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7:10 AM
Morning
 
 
1 hour later…
8:34 AM
@Vérace I'm still thinking about this, but even with the overlaps operator I'm stuck as it's possible to have row 1 overlap with 2, 2 overlap with 3 but 1 doesn't overlap with 3. So a gaps-and-islands approach is needed.
The other problem is you need to sort by both start time and end time to identify the new islands in case of short sessions that start later and finish earlier than a previous session.
 
8:59 AM
@Colin'tHart I've nailed it - I'm just writing up my answer now! Back in about 20 mins - i.e. 09:30 UTC!
 
9:16 AM
I have a query in my head too. Curious what yours looks like :-)
 
 
1 hour later…
10:23 AM
@Colin'tHart - answer posted. I'd be very interested in any comments which you (or any of our other esteemed "heapers") may have on a) the general approach and b) any efficiency recommendations which people may have.
3
Q: How to get non-overlapping distinct intervals from a PostgreSQL table?

ERJANUsing postgresql 9.6. The table has user sessions and I need distinct non overlapping sessions printed. CREATE TABLE SESSIONS( id serial NOT NULL PRIMARY KEY, ctn INT NOT NULL, day DATE NOT NULL, f_time TIME(0) NOT NULL, l_time TIME(0)...

 
11:15 AM
Some photos from my walk this morning... Feeding cygnets
Duck (mother) and duckling! There used to be 5! Mother must be young? Note to @AndriyM - _That_ is a duckling - note the differences! :-) And not ugly either! @mustaccio - also as "cute as a button!".
 
11:43 AM
I feel it's high time I did what I should have done from the beginning – JEAGL my tongue-in-cheek remark, as it's possible it might not have been understood as such. So here's full disclosure. I knew they weren't ducklings but (young) swans (and thank you to @Vérace for the words "cygnets" in any case). By calling them "ugly ducklings" I was referring to H. C. Andersen's fairy tale "The Ugly Duckling", where the titular character is actually a swan (a cygnet at the beginning).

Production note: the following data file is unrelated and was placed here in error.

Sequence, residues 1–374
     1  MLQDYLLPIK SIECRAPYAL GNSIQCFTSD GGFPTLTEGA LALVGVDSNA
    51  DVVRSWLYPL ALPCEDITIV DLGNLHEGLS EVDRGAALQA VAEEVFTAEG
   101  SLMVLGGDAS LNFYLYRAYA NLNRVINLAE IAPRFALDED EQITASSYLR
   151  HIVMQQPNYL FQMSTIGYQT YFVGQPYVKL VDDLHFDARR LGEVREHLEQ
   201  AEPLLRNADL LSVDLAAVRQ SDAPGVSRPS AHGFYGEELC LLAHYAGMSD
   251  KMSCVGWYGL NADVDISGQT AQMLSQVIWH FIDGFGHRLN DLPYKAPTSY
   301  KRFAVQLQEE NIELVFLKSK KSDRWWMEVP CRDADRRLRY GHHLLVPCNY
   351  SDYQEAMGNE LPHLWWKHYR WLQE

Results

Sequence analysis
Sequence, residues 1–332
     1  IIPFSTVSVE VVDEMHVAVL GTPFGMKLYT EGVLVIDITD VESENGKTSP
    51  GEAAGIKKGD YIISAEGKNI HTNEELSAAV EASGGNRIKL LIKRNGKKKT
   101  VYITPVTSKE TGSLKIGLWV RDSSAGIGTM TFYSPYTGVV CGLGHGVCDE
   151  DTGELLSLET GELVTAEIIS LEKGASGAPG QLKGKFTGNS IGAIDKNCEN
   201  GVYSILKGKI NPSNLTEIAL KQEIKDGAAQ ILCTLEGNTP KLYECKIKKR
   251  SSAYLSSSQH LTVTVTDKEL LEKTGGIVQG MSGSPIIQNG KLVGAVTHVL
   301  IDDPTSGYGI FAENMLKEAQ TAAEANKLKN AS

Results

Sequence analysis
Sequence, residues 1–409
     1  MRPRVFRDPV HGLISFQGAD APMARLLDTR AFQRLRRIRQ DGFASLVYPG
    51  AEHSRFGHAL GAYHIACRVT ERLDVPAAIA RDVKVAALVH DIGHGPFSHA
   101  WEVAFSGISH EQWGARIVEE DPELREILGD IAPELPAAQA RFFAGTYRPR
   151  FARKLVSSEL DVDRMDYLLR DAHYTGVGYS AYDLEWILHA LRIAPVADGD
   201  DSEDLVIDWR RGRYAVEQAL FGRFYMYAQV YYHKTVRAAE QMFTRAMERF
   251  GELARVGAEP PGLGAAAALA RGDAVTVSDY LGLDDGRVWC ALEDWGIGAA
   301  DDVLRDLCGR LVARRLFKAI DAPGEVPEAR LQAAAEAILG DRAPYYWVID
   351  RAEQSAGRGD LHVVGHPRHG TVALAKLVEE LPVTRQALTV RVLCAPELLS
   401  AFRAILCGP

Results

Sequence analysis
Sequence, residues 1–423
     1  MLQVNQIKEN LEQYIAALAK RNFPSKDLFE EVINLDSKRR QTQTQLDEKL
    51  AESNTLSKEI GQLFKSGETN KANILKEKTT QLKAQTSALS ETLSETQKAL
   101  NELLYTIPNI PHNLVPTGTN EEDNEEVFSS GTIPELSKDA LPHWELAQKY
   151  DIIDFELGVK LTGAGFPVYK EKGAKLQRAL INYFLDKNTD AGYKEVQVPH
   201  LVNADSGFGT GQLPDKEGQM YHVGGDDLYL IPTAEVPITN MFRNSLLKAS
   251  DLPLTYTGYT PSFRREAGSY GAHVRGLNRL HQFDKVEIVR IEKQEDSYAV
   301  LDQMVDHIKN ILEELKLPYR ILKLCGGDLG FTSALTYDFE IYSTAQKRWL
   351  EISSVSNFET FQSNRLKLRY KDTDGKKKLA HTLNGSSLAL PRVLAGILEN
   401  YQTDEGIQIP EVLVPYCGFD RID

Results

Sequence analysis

Various other characters thought he was a duckling because he was born into a family of ducks. And as a duckling they thought he was ugly too, hence why they started calling him that.
And I called those lovely cygnets ugly duckling solely as a reference to the tale, not because I myself, too, consider them ugly.
There, I suppose my J is now EAGLed
 
@AndriyM - I suppose that I was being over-pedantic - of course you knew they were baby swans - and now you know the word "cygnet" (in Ukrainian молодий лебідь - what's the transliteration of the characters?). Originally from the Sanskrit -> Greek -> Latin -> Old French -> English. The modern French word for swan is "cygne" and "cygnet" is essentially "cygnette" - the "ette" suffix in French being a feminine dimunitive!
 
12:00 PM
@Vérace It's a little tricky, because I usually use y (as in yes) to transliterate й. But I also use use y to transliterate и, which is a sound similar to the English short i (as in pin). So that would make the transliteration of the phrase look like this: molodyy lebid'. The apostrophe in this case is to signify a palatalised d.
 
@AndriyM - so the "d" sounds kinda like a soft "g"/"j" - like the beginning of the French "je"? This is very common in Irish - the name "Bríd" for example is pronounced "Breege" - soft g!
 
I've seen -ий endings being transliterated as -yi (where i can also be used for the Ukrainian і), sometimes also -yj (j being uniformly used for й and y for и to avoid any confusion).
@Vérace Sort of, yes, it's as if you stop short of actually pronouncing the ʒ part of the phoneme